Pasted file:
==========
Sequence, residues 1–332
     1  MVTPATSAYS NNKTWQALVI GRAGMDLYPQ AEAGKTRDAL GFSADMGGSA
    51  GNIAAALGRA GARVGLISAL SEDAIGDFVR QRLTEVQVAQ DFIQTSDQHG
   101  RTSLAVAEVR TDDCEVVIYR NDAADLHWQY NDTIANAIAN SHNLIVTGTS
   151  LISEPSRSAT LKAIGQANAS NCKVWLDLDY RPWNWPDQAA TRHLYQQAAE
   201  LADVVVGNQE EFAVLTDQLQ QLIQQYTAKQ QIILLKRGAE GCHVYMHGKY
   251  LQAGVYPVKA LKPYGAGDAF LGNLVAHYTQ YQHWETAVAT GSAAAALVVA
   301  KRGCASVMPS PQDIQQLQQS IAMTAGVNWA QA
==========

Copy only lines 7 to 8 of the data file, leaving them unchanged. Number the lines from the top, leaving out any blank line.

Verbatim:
   251  LQAGVYPVKA LKPYGAGDAF LGNLVAHYTQ YQHWETAVAT GSAAAALVVA
   301  KRGCASVMPS PQDIQQLQQS IAMTAGVNWA QA